Outdoor Xtras, including how to take better fishing pictures
Gear of the week
Gear name: NanoDry
Company: Matador (everybodyshops.com/matador-nanodry-large-towel.html)
Gear type: Large travel towel
Product description: Fishing can get messy, especially if there are children involved. But lugging around a big, bulky towel that gets wet and muddy and stays that way is no fun. A solution? The NanoDry. Though it weighs just 5 ounces, just a bit more than a couple of Snickers bars, it unfolds to 24 by 47 inches. And it holds up to 2.3 times its own weight in water. Best of all, it dries far faster than a standard cotton towel, either in the dryer or by hanging it with the attached loop. Its antimicrobial coating, meanwhile, prevents mildew. It’s machine washable.
Available options: This comes in two colors: a blue silicone shell with a moss green towel or a black silicone shell with a charcoal towel.
Suggested retail price: $34.99.
Notable: The NanoDry folds down to fit inside an included silicone storage case. Packed away, it’s about the size of a smartphone, though about two times as thick. Certainly small enough to easily fit inside a pack or bag, it also comes with a carabiner in case you want to clip it to a tackle box, fishing vest, gym bag or anything else.
Tip of the week
If all goes well this season, you or a family member is going to land a special fish — a really big one, a colorful one, a first one. You’ll want to capture it in pictures. To make sure those pictures turns out as good as possible, be sure to use enough light. Meaning, if the angler in the photo is wearing a hat, have him or her tip their cap back or use your flash. The extra light will illuminate a face that might otherwise be lost in shadow. Be sure to take multiple shots, too, with the fish held at different angles. Sometimes tilting the fish a bit toward the camera, for example, results in a better image than having it broadside.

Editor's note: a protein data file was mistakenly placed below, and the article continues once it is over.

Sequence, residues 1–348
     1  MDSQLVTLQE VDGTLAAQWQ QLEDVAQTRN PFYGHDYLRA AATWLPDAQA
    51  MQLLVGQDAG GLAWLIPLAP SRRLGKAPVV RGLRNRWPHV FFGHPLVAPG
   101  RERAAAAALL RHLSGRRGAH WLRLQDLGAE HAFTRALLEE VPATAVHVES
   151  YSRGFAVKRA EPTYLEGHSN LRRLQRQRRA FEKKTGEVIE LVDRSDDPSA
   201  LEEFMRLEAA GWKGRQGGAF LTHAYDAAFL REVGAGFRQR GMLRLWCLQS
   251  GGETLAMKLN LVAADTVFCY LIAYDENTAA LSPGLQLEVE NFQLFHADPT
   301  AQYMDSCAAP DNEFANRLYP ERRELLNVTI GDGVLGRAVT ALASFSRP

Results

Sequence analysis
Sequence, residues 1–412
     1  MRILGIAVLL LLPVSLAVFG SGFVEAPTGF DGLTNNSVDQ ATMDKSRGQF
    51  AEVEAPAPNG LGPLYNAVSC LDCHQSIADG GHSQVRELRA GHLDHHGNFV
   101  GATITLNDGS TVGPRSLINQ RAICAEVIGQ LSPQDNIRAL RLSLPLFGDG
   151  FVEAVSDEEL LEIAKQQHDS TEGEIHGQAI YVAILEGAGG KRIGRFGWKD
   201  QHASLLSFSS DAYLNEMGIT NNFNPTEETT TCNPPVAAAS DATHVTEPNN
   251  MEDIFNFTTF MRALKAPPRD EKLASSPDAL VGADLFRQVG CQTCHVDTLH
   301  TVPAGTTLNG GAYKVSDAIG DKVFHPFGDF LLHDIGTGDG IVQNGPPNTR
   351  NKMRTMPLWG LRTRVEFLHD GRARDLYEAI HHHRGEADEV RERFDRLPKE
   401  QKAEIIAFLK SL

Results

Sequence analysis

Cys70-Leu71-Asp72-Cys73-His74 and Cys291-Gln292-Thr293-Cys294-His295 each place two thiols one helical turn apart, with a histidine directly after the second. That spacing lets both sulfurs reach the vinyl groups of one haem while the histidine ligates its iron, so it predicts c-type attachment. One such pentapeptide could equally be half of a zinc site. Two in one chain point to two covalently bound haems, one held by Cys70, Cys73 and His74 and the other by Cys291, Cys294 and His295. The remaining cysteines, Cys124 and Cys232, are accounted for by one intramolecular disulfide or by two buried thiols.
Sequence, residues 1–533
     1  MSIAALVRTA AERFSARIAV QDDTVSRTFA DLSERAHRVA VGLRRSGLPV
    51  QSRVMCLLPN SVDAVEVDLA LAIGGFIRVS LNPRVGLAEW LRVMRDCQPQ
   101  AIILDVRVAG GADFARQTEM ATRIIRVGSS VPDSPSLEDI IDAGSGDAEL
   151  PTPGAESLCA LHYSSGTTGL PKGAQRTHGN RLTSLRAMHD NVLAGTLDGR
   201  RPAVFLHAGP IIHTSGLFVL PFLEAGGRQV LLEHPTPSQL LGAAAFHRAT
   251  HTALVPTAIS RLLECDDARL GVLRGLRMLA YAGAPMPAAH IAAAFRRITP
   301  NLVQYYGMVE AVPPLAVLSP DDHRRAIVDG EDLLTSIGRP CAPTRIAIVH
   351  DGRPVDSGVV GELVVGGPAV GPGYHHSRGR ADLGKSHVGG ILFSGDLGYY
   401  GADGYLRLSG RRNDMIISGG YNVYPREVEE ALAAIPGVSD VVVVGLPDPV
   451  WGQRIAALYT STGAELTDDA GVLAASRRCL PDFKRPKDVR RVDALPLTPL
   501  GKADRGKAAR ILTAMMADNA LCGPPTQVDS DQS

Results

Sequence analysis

Recipe of the week
3 trout, cleaned
6 cloves crushed garlic
1 small onion
2 teaspoons dried thyme
1 teaspoon dried oregano
Salt and pepper
1 tablespoon olive oil
½ teaspoon dried tarragon
1 teaspoon dried marjoram
Want to be fancy and primitive at the same time? This is one way to do it.
It involves the simplest of cooking methods but some refined ingredients to create a fish that tastes great in camp.
To start, remove the entrails from the fish and clean the body cavity well, being sure to remove the bloodline from along the spine. Pat the cavity dry with paper towels.
Next, spread garlic along the insides of the fish on both sides. Sprinkle with salt, pepper and herbs.
Thread a green stick through the fish — imagine a pig on a spit — and suspend the fish over a bed of hot coals. Resting the stick on rocks so the fish is 6 inches or so above the heat is fine.
Cook about 10 minutes or until the fish is flaky.
In the meantime, sauté onion in oil and herbs. Sprinkle that and lemon over fish to serve.